Tape holds up a distiller’s and rectifier’s permit from the state to the front window of Jerrod Leon Henry’s emerging business.
A gold 120-gallon copper still made in Tennessee sits inside of what will become the Rio Grande Distillery and Magic Valley Moonshine. It’s on Highway 100 on the outskirts of Los Fresnos. Traffic buzzes by on the way to Port Isabel and South Padre Island.
Henry is bringing a little piece of his native Missouri Ozarks to the Rio Grande Valley.
“Up there, in everyone’s family, you’ve got a preacher, a carpenter and a moonshiner,” he said. “People make the liquor and bootleg it unless they decide to go legal.”
Opening Soon in the RGV
Henry is all legal in South Texas with the necessary federal and state permits to do business. He was dealing with the last of the county building code requirements in mid-June in aiming for an opening in July.
“Down home and no frills” is how he defines the restaurant he was putting the finishing touches on to completion.
“Carolina barbecue, pull pork, deli sandwiches and moonshine,” he added in rounding out the description.
Moonshine is unaged whiskey with high alcohol content and marked by clear color and a corn base. They are many different types of moonshine. Henry will have his share with lemonade mixes including peach, strawberry, blueberry, apple pie and lemon.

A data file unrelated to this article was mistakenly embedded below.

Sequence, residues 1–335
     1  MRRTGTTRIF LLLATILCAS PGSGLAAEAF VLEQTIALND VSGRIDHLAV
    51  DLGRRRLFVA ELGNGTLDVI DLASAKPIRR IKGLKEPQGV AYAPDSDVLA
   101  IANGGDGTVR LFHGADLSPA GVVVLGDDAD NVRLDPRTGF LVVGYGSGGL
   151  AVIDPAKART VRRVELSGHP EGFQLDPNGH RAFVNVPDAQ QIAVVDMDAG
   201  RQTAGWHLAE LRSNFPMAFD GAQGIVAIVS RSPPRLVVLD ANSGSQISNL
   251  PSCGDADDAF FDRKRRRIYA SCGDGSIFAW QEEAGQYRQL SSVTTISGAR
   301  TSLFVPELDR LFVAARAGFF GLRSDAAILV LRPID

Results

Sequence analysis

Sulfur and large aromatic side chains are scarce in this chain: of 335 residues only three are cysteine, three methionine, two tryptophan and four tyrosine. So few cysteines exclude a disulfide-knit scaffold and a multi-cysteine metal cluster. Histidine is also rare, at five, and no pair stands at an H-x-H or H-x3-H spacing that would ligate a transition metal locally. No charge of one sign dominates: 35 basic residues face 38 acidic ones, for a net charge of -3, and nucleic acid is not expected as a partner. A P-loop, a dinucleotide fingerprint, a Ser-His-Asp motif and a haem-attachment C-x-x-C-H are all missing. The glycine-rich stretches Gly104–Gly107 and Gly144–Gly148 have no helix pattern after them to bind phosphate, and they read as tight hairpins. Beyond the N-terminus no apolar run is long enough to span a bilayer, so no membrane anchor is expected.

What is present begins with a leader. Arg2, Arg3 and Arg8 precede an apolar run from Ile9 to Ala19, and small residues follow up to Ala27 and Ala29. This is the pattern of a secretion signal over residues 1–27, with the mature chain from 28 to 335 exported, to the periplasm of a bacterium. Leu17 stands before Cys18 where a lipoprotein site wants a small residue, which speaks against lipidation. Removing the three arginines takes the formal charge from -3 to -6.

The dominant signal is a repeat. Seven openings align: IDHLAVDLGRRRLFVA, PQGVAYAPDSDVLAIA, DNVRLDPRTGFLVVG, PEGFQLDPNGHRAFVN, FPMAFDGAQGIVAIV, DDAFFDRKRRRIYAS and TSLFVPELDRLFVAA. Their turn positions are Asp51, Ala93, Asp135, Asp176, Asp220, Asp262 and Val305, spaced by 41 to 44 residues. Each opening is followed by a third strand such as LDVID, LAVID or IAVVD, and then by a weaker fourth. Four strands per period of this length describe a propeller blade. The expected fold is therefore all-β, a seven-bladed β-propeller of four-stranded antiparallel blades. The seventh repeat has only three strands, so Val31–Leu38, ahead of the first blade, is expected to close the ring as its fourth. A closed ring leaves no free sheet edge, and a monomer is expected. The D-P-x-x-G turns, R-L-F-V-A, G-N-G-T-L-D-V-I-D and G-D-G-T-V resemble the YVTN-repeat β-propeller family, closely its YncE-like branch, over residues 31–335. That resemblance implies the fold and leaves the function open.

A copper still like the one Henry owns has three components working together. They operate in sequence to produce the beverages with a punch. A kettle, thump keg and condenser worm boil, distill and drip moonshine into the mix of varieties to follow.
“We think we’re bringing something new here,” Henry says of bringing a slice of the Ozarks to the Valley.
Serving RGV With Hand Sanitizers
Henry was busy in recent months on another project before driving up to Tennessee to bring the copper still south to get his restaurant dream going. He decided in early March after getting necessary permits to use his distillery background to manufacture hand sanitizer. The store aisles of sanitizer emptied out in March and April. Consumers hoarded the product.
Henry initially tried using his own facilities to produce sanitizer. The demand was too much. He couldn’t keep up. Henry used his distillery contacts in Missouri to order and eventually drive down hundreds of gallons of hand sanitizer to the Valley for sale in the parking lots of pharmacies, restaurants, Veteran of Foreign Wars halls and fellow distilleries like the 5X5 Brewing Co. in Mission.
“We went wherever they let us set up,” said Henry of selling the sanitizer by the ounce, with a 50 percent discount for first responders, law enforcement, truckers and health care workers. “It was a situation where not many people had it or could make it, so we stepped in to do it and help out before the stores could restock.”
Henry would end up selling about 8,000 gallons of hand sanitizers over about a two-month period. It was quite a different course for someone who first came to the Valley 20 years ago to go into shrimping. Now it’s on being a restaurateur and legal moonshiner. He made many new contacts and friends in his trips from Rio Grande City to San Benito to sell hand sanitizer.
“We made a lot of friends all over the Valley when we were selling,” he said. “We hope they’ll remember us and come by and visit.”